The Evangelical Lutheran Church in America (ELCA) has handled the subject of homosexuality somewhat differently than most mainline denominations by recognizing that that at this moment in history there are substantially differing views held by faithful people. Michael Spencer reviews the Lutheran position. Their full statement on sexuality can be found here.
Dr. Naegeli uses the Thomas-Kilmann Conflict Mode Instrument in this blog to examine various ways that individuals and groups handle open conflict. While her focus is on the politics of the Presbyterian Church (USA), the analysis has wide application.
What we most often hear in the debate among Christians related to gay marriage is that those in favor are not faithful to the Scriptures, and those against have no compassion/grace for people. Even NPR’s Barbara Bradley Hagerty’s coverage (May 11: http://www.npr.org/2012/05/11/152466134/same-bible-different-verdict-on-gay-marriage) concludes with the line: “Of course, conservatives say that the best blueprint for God’s kingdom on earth does not spring from what you read between the lines of the Bible, but what you read in black and white.”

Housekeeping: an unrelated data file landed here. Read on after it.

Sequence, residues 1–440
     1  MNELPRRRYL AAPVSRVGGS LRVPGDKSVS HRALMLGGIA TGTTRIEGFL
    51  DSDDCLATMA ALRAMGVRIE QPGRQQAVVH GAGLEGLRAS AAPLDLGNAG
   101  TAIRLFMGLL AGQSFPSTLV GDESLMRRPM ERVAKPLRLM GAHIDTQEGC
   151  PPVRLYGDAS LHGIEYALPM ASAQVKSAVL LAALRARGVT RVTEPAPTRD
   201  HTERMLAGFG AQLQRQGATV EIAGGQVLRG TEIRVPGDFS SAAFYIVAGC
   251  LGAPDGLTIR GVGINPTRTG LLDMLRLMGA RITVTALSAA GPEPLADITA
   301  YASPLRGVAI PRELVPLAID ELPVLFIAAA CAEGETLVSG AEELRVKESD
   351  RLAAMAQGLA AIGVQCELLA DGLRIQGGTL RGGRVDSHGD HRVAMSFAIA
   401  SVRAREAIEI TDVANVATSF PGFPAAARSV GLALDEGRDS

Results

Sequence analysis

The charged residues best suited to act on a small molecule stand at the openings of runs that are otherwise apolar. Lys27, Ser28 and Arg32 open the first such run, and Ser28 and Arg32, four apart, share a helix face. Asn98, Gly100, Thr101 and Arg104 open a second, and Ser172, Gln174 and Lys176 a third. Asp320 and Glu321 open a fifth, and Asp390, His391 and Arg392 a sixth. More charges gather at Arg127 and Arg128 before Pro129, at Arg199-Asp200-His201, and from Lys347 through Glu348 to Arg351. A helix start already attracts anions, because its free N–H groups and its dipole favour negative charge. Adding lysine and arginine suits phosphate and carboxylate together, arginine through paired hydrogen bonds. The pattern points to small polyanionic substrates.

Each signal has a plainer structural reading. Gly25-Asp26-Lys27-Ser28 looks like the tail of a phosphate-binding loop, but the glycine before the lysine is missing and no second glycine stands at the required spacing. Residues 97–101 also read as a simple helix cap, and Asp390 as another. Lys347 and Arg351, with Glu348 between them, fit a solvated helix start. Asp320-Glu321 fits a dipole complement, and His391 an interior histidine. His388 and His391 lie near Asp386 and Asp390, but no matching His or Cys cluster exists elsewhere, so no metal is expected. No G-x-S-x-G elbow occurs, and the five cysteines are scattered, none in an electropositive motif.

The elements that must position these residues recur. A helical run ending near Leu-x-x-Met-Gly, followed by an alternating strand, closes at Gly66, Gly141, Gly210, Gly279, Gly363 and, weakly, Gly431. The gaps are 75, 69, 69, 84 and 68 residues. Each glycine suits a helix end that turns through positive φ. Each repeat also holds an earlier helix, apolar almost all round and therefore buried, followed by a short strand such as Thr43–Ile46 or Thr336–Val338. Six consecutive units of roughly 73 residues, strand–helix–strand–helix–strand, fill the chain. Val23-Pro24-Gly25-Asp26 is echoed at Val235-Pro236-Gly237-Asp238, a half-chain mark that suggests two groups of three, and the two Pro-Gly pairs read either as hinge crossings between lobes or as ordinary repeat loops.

Peter Laarman commented: “NPR should be embarrassed to broadcast an ostensibly analytic piece that concludes by giving a free pass to the literalists and by reinforcing the notion that those of us who read the Bible for its core message are really not reading it at all.”
In this blog from Rev. David Lewicki, pastor of North Decatur Presbyterian Church in Decatur, GA, David provides a biblical perspective which should be considered by all who think the case is cut and dried.
One of the main characteristics of the “missional” church is that it is focused outward, rather than inward. Because all churches at some level are inwardly focused, this characteristic is sometimes hard to understand. In this short blog, Thom Rainer talks about inwardly obsessed churches. Helpful.